A wild card that may effect housing type and size is the impending retirement of the Baby Boom generation. The US population age 55 and over will increase from 21% of the population in 1995 to over 29% in 2020. These "empty nesters" may choose to downsize their housing and opt for more locational convenience. Fannie Mae explored the future housing preferences of Baby Boomers in its 1998 Survey. A majority, 53%, said they will remain in their current house, either as is or with renovations, while 35 % indicated that they would sell, and either buy or rent a new house. The survey did not probe whether the size of the new house had been considered in retirement plans.

Self-Selection in Residential Choice

A factor related to travel behavior and housing type preference is the propensity for self-selection in choice of residence location, i.e., people who are the most likely to use transit choose to live near transit stations. Self selection, to the extent it occurs, will mask the magnitude of transit’s true impact on travel behavior. Crane (1998) points out that empirical studies that compare the travel behavior of people who live in one kind of neighborhood with people who live in another ignore this data bias. To analyze the self-selection problem, Boarnet and Sarmiento (1998), using econometric analysis, modeled both the choice of where people live and how they choose to travel to nonwork activities. They could find no influence of land use on travel in their Southern California sample when controlling for self selection. Dueker (1999) points to the possible importance of self-selection in assessing the ridership numbers for a new light rail system in Portland, but suggests that more data are required to isolate the strength of this factor.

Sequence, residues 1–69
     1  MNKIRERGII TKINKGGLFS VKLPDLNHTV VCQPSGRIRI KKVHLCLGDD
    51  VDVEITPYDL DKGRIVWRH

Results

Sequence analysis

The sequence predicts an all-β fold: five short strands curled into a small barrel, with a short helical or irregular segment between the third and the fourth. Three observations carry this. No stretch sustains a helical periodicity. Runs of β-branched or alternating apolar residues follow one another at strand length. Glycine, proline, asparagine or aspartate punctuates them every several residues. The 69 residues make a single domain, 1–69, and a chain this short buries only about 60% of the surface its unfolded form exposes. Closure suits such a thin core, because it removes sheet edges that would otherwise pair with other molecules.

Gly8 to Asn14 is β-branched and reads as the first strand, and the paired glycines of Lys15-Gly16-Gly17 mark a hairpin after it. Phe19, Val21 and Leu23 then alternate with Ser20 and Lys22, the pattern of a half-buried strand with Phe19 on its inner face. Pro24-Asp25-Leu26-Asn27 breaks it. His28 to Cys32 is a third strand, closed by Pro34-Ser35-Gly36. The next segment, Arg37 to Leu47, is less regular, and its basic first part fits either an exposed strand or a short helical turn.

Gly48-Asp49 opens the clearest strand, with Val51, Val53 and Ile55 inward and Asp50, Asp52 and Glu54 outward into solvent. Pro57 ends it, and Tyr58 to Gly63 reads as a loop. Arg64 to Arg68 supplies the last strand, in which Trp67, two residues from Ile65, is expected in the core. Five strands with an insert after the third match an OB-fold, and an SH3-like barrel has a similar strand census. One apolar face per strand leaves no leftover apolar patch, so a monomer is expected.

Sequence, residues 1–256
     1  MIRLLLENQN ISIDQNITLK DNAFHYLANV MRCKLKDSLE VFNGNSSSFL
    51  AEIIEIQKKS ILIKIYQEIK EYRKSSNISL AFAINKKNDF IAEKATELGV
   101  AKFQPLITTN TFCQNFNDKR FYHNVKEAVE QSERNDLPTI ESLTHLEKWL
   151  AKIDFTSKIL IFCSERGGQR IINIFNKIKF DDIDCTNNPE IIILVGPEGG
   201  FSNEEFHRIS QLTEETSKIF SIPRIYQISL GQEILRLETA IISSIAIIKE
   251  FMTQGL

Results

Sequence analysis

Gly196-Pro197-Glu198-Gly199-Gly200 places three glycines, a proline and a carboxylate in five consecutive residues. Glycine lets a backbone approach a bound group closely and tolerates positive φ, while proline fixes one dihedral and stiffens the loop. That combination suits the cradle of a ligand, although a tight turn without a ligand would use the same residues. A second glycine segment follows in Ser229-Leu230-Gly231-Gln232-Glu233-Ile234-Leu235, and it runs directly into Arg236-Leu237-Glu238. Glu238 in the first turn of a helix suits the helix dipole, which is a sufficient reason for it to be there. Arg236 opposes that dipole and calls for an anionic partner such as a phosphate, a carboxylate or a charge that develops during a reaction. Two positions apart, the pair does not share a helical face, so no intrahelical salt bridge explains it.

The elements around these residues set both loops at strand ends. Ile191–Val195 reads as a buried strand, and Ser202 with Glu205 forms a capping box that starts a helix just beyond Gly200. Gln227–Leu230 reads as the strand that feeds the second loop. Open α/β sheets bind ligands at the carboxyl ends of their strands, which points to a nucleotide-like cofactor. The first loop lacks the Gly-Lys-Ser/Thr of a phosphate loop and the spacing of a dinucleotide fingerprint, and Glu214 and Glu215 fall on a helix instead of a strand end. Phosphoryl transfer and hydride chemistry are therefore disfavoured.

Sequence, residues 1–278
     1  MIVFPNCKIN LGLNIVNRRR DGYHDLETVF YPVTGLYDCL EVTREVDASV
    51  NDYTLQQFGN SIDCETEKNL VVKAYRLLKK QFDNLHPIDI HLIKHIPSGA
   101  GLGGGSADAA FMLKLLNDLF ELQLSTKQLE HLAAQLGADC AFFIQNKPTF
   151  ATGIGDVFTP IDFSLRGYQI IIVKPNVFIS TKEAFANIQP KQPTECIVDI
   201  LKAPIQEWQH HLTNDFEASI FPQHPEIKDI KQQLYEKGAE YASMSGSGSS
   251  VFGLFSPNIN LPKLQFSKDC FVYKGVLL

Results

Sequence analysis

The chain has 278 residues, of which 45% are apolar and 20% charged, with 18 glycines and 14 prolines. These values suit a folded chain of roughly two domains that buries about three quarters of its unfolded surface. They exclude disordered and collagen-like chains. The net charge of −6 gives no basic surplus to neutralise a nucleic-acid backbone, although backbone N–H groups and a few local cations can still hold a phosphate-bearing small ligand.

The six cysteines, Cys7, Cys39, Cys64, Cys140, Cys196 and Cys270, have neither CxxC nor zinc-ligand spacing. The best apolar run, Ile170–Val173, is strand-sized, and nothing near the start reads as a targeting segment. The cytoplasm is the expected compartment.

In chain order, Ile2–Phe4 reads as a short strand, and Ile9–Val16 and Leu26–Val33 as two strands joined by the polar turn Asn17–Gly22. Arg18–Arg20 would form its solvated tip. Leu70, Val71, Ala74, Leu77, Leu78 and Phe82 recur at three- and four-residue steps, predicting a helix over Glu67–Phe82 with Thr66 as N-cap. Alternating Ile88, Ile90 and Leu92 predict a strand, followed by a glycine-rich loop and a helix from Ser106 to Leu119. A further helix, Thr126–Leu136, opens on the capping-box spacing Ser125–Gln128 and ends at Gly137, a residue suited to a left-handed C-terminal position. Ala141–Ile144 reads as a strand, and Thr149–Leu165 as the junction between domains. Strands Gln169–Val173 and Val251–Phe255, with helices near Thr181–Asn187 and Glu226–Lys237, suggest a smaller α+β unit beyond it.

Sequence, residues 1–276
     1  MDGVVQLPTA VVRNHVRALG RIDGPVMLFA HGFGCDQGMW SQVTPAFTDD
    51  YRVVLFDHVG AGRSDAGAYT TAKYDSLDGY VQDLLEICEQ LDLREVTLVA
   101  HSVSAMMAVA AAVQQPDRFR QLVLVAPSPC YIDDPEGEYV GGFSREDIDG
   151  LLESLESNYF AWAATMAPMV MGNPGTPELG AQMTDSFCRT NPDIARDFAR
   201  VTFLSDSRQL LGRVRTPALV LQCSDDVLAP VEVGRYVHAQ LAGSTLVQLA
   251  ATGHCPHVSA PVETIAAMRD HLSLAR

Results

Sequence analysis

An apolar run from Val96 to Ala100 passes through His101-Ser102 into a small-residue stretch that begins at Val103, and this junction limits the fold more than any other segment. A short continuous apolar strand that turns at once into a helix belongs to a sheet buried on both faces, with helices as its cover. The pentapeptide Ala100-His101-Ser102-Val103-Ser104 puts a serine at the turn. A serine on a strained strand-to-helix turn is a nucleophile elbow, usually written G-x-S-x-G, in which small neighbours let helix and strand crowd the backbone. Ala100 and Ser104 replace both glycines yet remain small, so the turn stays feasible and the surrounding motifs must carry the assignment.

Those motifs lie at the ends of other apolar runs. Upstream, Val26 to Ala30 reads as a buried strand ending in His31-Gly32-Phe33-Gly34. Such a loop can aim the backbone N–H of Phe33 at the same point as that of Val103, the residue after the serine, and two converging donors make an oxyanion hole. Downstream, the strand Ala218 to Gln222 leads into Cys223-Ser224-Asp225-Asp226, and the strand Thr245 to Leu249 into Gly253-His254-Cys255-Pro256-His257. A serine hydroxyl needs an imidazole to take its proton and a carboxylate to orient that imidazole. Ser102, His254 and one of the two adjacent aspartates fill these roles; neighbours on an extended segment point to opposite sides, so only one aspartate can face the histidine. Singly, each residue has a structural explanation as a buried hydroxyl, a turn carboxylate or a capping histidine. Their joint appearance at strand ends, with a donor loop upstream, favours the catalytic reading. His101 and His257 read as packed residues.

Government Policies

Several metro areas have actively worked on TOD implementation for more than a decade. In the process, some excellent resources have been developed. For example, workbooks have been produced and workshops convened to encourage TOD in the Puget Sound region (PSRC 1998; Puget Sound Regional Council 1996; Snohomish County 1993; Energy Outreach Center 1997). These efforts have identified available policy initiatives that could encourage TOD.

Local governments have several policy tools available to leverage denser and more diverse development within TODs. These include the provision of public amenities such as parks, recreational facilities, and government services. Private development can be induced through density bonuses, tax abatement, tax increment financing, and direct grants. Joint development schemes serve to stimulate developer interest. Porter (1997) has reviewed the policies and actions taken by local government and transit agencies in a number of metro areas. He concludes that light rail is likely to attract relatively small development projects outside of central business districts (Porter 1998).